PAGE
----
Kokkos Application Monitoring


Kokkos is a C++ framework for implementing parallel codes. One feature of the framework is the ability to profile various performance and resource utilization characteristics of the application. This is accomplished by loading a shared library at the time the application is started. The base classes and templates in the Kokkos Framework have profiling hooks. By default, these hooks do nothing, however, they can be overridden by loading a Kokkos Profiling Library.

There are several application profilers provided with the framework, and it is possible for developers to implement their own. The application profiling libraries are available here https://github.com/tom95858/kokkos-tools.

LDMS Monitoring of Kokkos Applications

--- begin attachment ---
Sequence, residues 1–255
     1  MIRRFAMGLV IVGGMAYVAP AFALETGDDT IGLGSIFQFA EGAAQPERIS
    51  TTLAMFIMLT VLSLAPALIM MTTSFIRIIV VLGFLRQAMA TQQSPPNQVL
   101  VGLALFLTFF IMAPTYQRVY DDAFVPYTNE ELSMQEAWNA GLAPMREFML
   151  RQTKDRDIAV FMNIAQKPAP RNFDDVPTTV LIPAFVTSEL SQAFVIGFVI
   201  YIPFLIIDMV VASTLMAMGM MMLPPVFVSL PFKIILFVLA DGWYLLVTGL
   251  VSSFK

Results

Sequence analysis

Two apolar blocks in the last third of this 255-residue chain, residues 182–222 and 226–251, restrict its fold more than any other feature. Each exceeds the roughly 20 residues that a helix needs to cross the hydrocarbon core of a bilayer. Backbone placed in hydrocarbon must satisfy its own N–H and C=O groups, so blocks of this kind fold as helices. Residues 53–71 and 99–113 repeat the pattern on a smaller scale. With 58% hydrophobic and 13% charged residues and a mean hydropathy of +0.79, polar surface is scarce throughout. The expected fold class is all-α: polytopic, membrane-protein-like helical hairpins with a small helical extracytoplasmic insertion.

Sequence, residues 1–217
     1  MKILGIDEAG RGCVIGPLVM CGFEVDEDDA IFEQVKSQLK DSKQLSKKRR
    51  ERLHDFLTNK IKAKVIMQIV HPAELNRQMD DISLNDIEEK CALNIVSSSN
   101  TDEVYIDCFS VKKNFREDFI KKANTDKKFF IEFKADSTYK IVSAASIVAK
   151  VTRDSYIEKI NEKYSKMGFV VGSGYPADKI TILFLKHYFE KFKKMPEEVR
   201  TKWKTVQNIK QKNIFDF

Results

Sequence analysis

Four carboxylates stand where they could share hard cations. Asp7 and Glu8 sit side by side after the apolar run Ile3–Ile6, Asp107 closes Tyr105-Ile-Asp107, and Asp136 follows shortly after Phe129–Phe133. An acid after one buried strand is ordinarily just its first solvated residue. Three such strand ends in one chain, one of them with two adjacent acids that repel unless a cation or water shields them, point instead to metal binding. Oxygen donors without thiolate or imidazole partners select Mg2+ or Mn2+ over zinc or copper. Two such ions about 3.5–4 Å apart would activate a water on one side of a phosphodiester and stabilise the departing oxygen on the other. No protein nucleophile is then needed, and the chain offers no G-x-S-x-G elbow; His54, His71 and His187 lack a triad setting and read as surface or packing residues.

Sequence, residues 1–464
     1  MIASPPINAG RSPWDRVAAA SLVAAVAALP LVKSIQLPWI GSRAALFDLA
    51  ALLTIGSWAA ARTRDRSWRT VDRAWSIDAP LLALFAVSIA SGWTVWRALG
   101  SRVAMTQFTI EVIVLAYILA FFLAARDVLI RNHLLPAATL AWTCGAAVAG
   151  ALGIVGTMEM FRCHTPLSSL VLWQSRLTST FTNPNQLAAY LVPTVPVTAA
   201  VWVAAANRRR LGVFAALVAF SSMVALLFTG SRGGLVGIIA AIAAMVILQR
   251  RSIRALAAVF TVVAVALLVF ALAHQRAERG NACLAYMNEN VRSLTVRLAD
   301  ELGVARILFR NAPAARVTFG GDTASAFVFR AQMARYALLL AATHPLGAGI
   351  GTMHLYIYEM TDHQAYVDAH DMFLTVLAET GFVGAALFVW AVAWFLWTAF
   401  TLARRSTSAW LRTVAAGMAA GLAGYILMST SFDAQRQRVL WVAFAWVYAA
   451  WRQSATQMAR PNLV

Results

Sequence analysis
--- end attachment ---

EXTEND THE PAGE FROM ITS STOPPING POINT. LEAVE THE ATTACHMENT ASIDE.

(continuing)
Configuring the Application

The Kokkos Profiling Libary called kp-simple-kernel-timer has been modified to use the LDMS Streams facility to upload profiling data to an LDMS Daemon where it is stored in a SOS database. The application job submission script must be modified to specify the location of the profiling library and other configuration options in order for the framework to activate the plugin.

# Tell the framework what profiler library to load
export KOKKOS_PROFILE_LIBRARY="/path-to-library/kp_kernel_timer.so"

# Set to 1 t tell the profiler to keep the json file

# The component id identifies the node
. /etc/component_id.env

# The instance data describes the application being run

# Tell the profiler where to send the profile data
export LDMSD_STREAM_NAME=kokkos
export LDMSD_STREAM_HOST="localhost"
export LDMSD_STREAM_PORT="10001"
export LDMSD_STREAM_XPRT="sock"
export LDMSD_STREAM_AUTH="munge"


The full path to the dynamically loadable shared library that implements the profiler.